5 Simple Ways to be a Standout Athlete Without Skill or Talent

Although each of these may seem small at first glance, when you do them day in and day out and stack them on top of each other, they make a big difference.

When we talk standout athletes, we typically think of players who can run, jump and throw better than everyone else. We are awed by LeBron James making an improbable dunk, or Dak Prescott avoiding three sacks to make an incredible pass down the field. Those guys (and others like them) certainly have an athletic gift, and they have taken advantage of it by working on their skills day in and day out.

But there are also ways you can stand out to your coach that have nothing to do with the stat sheet. These acts may seem inconsequential in the moment to some, but they're an important part of building a winning, respectful culture. Here are five little ways an athlete can stand out to those around them, none of which require any talent.

You want to earn people's respect? Use their names. Know your teammates and coaches by name, that part is easy. But don't stop there! There are many more people involved with you playing your sport in a safe, enjoyable environment outside of just your coaches and teammates. Introduce yourself to the grounds crew, the custodial workers, the food staff and every other employee who makes your job a little easier.

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When we talk standout athletes, we typically think of players who can run, jump and throw better than everyone else. We are awed by LeBron James making an improbable dunk, or Dak Prescott avoiding three sacks to make an incredible pass down the field. Those guys (and others like them) certainly have an athletic gift, and they have taken advantage of it by working on their skills day in and day out.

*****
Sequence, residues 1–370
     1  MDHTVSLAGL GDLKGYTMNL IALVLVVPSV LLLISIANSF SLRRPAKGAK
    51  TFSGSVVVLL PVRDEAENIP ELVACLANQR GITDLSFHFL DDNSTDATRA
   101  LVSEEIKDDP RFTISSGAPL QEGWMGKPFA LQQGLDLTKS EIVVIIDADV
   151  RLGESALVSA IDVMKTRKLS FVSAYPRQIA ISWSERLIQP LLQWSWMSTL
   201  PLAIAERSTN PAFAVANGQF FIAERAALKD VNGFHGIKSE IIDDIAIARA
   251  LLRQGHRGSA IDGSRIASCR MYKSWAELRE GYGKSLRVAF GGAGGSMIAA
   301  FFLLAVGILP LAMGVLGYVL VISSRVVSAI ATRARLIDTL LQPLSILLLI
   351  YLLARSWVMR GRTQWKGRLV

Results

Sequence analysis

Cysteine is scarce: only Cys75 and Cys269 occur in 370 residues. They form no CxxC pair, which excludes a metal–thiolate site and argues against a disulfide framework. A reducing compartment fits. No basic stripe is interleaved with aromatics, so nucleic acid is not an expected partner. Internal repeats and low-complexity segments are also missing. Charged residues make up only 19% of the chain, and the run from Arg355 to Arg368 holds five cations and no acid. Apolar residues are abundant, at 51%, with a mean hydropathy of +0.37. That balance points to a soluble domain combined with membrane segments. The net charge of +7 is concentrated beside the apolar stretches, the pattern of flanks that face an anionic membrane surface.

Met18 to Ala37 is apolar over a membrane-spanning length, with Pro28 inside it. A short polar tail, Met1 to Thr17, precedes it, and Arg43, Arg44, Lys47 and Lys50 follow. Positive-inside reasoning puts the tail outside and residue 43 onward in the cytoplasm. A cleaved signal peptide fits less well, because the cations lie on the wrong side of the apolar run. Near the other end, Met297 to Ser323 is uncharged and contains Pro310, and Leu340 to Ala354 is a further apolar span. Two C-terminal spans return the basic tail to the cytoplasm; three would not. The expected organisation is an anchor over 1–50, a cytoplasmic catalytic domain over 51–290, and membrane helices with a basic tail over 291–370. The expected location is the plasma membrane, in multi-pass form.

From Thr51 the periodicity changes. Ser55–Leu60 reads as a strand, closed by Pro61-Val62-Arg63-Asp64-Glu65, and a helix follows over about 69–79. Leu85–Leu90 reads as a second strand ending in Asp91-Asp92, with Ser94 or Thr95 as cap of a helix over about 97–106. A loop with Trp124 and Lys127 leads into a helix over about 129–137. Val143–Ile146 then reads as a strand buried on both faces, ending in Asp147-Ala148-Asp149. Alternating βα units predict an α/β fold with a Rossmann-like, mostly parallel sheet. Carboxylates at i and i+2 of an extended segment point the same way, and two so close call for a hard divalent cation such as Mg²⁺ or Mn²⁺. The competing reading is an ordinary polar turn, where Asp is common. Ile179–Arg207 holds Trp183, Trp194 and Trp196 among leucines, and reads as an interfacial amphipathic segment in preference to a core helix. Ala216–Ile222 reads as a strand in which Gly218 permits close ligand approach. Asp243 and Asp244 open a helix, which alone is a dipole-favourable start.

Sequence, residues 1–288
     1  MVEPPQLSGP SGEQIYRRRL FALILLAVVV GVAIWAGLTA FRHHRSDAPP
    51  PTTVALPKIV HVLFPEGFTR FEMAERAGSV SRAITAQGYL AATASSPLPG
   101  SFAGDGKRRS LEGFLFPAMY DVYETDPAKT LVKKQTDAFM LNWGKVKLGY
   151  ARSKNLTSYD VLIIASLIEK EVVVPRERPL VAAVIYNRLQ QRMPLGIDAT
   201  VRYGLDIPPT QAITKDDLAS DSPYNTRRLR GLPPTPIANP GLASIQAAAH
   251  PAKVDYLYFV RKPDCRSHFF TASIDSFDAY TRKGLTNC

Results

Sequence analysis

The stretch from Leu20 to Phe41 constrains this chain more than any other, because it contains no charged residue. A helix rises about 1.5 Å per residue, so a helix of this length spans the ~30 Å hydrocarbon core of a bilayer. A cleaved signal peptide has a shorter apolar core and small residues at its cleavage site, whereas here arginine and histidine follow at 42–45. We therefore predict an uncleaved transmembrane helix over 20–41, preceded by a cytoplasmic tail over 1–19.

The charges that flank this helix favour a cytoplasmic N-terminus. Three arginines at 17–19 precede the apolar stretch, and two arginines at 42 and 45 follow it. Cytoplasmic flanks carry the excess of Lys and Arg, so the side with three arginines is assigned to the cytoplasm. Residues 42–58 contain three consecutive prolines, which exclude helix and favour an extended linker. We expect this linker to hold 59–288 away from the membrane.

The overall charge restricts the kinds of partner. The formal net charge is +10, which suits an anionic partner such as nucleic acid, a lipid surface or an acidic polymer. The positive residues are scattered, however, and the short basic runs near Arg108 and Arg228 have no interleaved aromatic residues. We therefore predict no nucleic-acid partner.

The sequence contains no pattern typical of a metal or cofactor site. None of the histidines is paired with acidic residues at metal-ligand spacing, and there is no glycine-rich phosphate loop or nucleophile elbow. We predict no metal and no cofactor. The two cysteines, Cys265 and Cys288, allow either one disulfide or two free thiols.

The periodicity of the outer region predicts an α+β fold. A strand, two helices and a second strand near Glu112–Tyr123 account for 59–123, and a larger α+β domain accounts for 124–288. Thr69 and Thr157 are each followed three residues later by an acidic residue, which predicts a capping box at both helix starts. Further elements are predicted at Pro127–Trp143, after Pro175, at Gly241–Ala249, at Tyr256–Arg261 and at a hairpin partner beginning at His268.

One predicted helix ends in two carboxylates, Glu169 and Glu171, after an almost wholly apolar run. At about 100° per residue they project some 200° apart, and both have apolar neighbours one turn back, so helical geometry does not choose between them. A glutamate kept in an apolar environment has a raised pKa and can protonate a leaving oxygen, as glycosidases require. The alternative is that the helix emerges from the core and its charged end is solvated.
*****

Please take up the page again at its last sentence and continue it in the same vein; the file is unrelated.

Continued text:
But there are also ways you can stand out to your coach that have nothing to do with the stat sheet. These acts may seem inconsequential in the moment to some, but they're an important part of building a winning, respectful culture. Here are five little ways an athlete can stand out to those around them, none of which require any talent.

1. Know and Use Everyone's Name

You want to earn people's respect? Use their names. Know your teammates and coaches by name, that part is easy. But don't stop there! There are many more people involved with you playing your sport in a safe, enjoyable environment outside of just your coaches and teammates. Introduce yourself to the grounds crew, the custodial workers, the food staff and every other employee who makes your job a little easier.

Having a great organization is more than just the team or players on the field. Great organizations are great from the top down. Step one to standing out is knowing and using names as often as possible. If you happen to forget someone's name, it's OK to politely ask for a reminder. Using people's names when you interact with them helps build stronger, deeper relationships than referring to everyone by "man," "dude," or something similar.

2. Say Thank You

Athletes often get all the credit, but we all know there are people behind the scenes who have helped develop them. Be grateful, be appreciative and thank every single person that has helped you. It could be a coach who's helped you for the past 10 years or someone who was nice enough to reply when you reached out via email with a question. It's always important to be grateful. When people know you appreciate their sacrifice, they will always be more inclined to help you in the future. Step two to standing out is genuinely saying "Thank you."